Reading group discussion guide available at Randomhouse.com
When Aaron Wheeler brings his beautiful, flirtatious girlfriend, Suzanne, home to meet his family, he's nervous but not unnaturally so. But then Suzanne meets his younger brother, Jack, and an attraction sparks between them. After a wild party, Suzanne and Jack end up alone together at a pond on the Wheelers' property. When Aaron finds the pair in a compromising position, his fury leads to a tragic accident. From this point the story jumps ahead 10 years, to when Aaron and Jack's younger sister, Lila, enters college. Still haunted by her memories and the aftermath of that fatal night, Lila sets out to find the truth, certain that something has been kept from her. Her dogged quest becomes her sole purpose, but as she searches for the truth she finds out as much about herself as she does about the night that changed her life. Hershon's first novel is an engrossing tale of love, redemption, and second chances.
From Publishers Weekly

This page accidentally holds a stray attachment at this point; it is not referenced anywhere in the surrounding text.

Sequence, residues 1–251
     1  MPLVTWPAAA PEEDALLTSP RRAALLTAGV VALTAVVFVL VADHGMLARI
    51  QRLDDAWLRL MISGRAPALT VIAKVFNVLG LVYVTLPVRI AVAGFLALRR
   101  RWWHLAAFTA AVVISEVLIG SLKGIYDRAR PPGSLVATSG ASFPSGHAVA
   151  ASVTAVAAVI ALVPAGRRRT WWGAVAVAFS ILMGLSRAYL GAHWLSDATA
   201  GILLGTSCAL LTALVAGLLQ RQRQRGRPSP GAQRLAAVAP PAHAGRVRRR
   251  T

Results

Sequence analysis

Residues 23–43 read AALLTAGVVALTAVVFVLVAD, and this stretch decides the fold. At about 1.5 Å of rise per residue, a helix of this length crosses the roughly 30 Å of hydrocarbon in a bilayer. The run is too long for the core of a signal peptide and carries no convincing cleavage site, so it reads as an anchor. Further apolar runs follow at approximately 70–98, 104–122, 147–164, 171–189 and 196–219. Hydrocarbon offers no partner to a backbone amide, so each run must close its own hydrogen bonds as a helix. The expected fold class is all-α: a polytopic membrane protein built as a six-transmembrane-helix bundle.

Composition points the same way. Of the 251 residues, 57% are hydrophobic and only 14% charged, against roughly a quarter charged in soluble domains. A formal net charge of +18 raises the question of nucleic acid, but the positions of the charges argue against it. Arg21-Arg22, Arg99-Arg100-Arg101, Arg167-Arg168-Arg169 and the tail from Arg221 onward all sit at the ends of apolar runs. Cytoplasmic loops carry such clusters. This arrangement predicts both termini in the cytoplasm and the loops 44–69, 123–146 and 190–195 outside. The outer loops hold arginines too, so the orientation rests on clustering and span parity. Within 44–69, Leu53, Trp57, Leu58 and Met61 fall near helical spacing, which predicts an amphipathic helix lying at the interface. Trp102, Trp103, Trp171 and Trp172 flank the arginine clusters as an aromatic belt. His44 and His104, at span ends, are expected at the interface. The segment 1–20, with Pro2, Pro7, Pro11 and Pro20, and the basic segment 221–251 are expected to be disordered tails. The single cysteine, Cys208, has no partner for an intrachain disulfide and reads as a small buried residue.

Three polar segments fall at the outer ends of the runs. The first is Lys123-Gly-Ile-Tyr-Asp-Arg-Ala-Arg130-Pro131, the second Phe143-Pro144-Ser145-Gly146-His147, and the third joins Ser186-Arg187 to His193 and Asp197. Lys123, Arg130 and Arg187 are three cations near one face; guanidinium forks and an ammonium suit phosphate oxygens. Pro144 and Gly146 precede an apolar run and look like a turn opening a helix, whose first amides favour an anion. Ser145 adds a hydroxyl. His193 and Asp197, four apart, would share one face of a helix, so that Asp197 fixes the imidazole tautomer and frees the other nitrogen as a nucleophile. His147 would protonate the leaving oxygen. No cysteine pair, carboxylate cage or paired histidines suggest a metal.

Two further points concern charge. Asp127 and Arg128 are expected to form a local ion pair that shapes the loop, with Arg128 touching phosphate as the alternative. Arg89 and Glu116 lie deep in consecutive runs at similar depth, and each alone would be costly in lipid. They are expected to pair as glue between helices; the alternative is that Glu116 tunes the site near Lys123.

Brother kills brother, and a younger sister makes their story her own in this lush but unsteady modern-day Cain and Abel tale by first-timer Hershon. On a beautiful summer weekend, Aaron Wheeler brings his college girlfriend, Suzanne, home to meet his family in New Hampshire. Golden boy Aaron is a few years older than his volatile, difficult brother, Jack; their little sister, Lila, is eight. The visit is pleasant if tense, as Suzanne finds herself drawn to Jack against her better judgment. Late one night after a party, Suzanne and Jack end up swimming alone together at the lake behind the house. As Jack makes it back to shore, naked, Aaron is waiting for him. Jack's death is made to look like an accident--it is said that he fell on the rocks--and Aaron disappears, dropping out of college. When Hershon picks up the narrative 10 years later, the story is resumed from Lila's point of view. Now living in New York City and teaching private English classes, she stumbles through her daily life, glimpsing Aaron or Jack in all the men she sees. A chance encounter with Suzanne focuses her determination to discover what really happened that night in New Hampshire and to find Aaron again. Hershon's carefully worked prose aspires to hothouse perfection, but overworked metaphors and forced turns of phrase undermine its effectiveness. At moments, the narrative invites readers to sink beneath its surface, but Hershon fails to sustain the dark, atmospheric morass she cultivates.